RS virus epidemic in the premature ward of a Berlin clinic
According to media reports, the respiratory syncytial virus (RS virus) is currently rife in the premature ward in Vivantes Klinikum Berlin, which can cause serious respiratory diseases, particularly in babies and toddlers. According to the daily "B.Z.", ten children in the clinic are infected with the RS virus. The chief physician of pediatric and adolescent medicine at Vivantes Klinikum Friedrichshain, Hermann Girschick, confirmed the RS virus epidemic to the newspaper and emphasized that a "general Berlin-wide problem" was to be assumed here.
While the RS virus is not a particular health threat for adults and healthy children, premature babies are at increased risk because their immune systems are not yet fully developed. The pathogens cause a flu-like infection, with typical cold symptoms such as fever, runny nose and cough, up to an ear infection or acute bronchitis. To prevent the pathogens from spreading further in the Vivantes Clinic, the infected children were isolated and extensive hygiene measures were carried out. However, the pathogens are extremely easy to transmit because, for example, they can survive for several hours on surfaces of disposable gloves and stethoscopes. The Robert Koch Institute explains: "RSV can survive in respiratory secretions for 20 minutes on hands, 45 minutes on paper towels and cotton coats and up to several hours on disposable gloves, stethoscopes and plastic surfaces."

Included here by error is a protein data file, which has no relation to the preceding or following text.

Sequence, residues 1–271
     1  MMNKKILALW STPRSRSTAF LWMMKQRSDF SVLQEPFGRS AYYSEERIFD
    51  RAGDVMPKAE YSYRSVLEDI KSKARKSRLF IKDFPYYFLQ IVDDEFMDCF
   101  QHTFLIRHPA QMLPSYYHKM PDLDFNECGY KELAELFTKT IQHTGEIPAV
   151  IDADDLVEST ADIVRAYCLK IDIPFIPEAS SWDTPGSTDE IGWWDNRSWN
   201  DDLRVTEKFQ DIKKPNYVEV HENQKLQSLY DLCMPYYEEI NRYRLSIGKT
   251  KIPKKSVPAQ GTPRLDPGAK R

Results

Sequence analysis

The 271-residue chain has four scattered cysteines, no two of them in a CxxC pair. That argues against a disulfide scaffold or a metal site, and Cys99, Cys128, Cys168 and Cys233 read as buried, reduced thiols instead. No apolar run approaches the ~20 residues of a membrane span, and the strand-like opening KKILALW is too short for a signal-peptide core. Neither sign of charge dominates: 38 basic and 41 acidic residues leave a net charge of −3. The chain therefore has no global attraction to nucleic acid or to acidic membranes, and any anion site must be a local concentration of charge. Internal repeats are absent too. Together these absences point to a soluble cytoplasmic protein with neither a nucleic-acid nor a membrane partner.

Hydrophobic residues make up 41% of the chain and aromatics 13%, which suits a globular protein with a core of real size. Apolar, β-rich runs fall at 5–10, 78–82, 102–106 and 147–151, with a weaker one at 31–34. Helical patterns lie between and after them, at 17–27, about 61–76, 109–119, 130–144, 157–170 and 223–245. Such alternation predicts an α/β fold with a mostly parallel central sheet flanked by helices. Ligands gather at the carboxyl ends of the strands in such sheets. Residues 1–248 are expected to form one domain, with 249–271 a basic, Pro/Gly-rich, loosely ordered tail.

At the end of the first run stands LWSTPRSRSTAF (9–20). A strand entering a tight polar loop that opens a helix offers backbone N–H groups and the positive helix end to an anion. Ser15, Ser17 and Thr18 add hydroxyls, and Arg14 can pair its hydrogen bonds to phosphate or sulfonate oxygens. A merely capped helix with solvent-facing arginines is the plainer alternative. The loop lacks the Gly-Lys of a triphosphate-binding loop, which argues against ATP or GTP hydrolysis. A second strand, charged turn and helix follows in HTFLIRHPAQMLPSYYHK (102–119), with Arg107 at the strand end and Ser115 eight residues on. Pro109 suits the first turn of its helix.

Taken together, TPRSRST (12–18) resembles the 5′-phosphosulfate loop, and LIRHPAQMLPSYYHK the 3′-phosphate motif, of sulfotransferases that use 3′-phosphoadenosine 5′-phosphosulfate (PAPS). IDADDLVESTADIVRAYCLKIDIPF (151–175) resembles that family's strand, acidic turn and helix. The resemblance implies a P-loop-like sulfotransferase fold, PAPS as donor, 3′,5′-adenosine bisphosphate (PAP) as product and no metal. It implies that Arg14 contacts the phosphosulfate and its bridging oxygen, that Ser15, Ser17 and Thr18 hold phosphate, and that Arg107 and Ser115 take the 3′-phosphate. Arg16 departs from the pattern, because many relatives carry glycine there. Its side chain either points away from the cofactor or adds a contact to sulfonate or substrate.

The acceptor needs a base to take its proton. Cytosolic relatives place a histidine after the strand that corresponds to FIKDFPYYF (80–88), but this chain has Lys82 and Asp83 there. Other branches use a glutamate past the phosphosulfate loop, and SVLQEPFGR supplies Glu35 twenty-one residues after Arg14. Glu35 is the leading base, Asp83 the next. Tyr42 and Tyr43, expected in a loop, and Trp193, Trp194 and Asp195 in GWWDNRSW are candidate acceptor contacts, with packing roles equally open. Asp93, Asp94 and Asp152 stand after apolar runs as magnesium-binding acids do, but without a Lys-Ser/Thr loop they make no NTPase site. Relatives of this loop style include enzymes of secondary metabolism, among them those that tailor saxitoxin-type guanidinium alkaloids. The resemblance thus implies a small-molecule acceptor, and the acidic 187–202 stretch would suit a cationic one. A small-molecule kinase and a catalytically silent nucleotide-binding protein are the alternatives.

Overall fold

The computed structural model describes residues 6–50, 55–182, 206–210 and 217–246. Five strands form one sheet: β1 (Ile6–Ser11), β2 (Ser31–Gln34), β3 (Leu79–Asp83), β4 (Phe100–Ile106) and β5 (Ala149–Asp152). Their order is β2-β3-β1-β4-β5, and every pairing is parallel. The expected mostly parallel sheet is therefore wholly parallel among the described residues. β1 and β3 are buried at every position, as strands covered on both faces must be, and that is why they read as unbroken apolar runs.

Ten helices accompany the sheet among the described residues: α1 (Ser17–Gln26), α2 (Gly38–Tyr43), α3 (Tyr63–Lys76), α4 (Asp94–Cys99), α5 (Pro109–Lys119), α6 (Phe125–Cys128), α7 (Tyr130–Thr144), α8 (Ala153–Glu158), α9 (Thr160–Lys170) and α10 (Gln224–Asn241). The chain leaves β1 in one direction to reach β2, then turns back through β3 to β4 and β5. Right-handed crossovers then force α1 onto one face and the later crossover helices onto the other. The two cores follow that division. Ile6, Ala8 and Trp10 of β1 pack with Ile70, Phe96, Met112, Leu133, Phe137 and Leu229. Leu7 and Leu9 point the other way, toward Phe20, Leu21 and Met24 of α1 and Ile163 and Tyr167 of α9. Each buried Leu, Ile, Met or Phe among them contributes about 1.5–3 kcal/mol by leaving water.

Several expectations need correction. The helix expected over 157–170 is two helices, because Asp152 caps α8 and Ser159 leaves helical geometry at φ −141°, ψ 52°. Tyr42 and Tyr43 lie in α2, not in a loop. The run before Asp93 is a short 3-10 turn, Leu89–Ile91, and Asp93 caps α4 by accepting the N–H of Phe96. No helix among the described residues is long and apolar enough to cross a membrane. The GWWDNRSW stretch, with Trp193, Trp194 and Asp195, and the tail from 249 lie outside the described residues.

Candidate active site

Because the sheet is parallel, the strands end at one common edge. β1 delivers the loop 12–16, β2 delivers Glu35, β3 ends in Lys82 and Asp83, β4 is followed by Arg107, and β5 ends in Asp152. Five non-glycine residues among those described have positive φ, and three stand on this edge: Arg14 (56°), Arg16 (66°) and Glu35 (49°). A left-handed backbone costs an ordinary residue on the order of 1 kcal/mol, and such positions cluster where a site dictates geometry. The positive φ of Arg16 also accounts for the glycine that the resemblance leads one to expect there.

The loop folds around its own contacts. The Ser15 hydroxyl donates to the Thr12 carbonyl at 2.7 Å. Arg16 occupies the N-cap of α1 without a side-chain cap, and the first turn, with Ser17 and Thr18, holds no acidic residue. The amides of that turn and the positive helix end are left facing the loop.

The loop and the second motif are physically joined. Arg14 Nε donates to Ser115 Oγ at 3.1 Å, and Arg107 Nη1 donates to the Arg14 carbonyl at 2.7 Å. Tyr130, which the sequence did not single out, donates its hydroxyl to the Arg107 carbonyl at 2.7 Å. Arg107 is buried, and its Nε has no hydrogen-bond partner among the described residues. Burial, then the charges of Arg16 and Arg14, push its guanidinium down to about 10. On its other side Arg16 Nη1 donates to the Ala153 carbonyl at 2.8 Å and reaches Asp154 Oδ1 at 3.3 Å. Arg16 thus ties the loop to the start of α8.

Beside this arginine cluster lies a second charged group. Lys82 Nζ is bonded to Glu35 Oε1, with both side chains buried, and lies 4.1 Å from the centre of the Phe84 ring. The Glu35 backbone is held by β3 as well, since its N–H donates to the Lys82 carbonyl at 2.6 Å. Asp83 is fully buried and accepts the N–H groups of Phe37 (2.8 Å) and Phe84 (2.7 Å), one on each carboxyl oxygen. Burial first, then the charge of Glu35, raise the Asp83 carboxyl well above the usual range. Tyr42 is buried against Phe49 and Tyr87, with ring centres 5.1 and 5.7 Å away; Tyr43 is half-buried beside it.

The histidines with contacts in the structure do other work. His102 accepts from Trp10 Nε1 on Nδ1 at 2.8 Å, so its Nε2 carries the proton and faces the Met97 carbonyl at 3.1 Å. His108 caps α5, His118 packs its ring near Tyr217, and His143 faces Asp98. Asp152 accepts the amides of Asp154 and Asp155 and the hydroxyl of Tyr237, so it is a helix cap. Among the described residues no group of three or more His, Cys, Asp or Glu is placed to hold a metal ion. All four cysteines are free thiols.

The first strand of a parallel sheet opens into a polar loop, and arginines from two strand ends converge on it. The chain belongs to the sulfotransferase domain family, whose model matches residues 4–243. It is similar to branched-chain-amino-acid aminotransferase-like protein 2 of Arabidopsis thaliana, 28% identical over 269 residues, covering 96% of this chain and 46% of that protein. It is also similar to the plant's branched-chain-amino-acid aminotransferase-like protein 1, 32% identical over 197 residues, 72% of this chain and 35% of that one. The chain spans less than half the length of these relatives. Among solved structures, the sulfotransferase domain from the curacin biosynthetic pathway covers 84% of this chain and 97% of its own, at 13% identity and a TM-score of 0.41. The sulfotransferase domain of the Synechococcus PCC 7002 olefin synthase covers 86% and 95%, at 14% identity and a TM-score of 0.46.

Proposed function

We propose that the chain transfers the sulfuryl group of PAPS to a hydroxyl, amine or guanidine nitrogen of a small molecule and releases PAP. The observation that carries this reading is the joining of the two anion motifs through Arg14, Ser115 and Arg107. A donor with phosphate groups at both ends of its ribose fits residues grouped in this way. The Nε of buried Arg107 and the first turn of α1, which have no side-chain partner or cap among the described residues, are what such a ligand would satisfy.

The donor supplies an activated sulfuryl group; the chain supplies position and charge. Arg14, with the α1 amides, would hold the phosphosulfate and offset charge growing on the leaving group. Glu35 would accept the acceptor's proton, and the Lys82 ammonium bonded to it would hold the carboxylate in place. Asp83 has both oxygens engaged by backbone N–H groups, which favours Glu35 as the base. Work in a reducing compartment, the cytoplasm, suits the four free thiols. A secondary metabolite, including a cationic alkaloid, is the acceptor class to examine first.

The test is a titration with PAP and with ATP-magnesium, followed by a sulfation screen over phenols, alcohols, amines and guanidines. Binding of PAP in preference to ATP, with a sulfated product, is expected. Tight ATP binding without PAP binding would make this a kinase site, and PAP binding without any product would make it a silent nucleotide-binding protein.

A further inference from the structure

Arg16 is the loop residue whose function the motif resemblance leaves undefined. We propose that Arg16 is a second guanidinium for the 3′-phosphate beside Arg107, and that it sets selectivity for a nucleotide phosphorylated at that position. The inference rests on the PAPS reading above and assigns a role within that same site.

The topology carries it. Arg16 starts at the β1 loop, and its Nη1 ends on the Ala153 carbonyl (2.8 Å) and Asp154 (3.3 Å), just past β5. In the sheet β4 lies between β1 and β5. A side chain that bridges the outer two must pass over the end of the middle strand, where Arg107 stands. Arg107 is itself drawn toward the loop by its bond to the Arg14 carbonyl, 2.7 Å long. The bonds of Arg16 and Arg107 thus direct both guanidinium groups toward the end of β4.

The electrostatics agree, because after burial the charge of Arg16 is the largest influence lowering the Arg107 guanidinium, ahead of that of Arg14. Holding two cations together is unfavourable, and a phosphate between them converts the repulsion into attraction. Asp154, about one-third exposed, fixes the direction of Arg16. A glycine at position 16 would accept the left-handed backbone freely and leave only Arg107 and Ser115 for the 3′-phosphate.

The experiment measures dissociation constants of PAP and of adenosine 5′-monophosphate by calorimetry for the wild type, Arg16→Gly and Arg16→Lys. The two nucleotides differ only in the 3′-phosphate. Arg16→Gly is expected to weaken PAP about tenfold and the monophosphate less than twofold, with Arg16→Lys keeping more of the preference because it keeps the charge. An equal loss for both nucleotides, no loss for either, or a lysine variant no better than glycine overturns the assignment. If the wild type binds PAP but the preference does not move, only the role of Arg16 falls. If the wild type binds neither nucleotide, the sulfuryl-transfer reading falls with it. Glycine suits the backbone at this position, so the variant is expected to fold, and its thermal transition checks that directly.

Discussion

According to the Robert Koch Institute (RKI), RS viruses are one of the "most important pathogens of respiratory infections in infants, especially premature babies and toddlers." Their prevalence in the general population has been underestimated for a long time. Today the RKI assumes "an incidence of 48.5 cases and 5.6 severe cases per 1,000 children in the first year of life worldwide". According to the RKI, around "two percent of RSV respiratory diseases in young children" are fatal. In Europe, RS virus infections can be observed from November to April. According to the RKI, RS virus infections in older infants and young children are considered the "most common cause of diseases of the lower respiratory tract" and related hospital admissions. By the end of the second year of life, almost all children had had at least one RS virus infection. In addition, RS viruses are "one of the most important causative agents of nosocomial infection (hospital infection) and pneumonia (pneumonia) in infants and young toddlers." (Fp)
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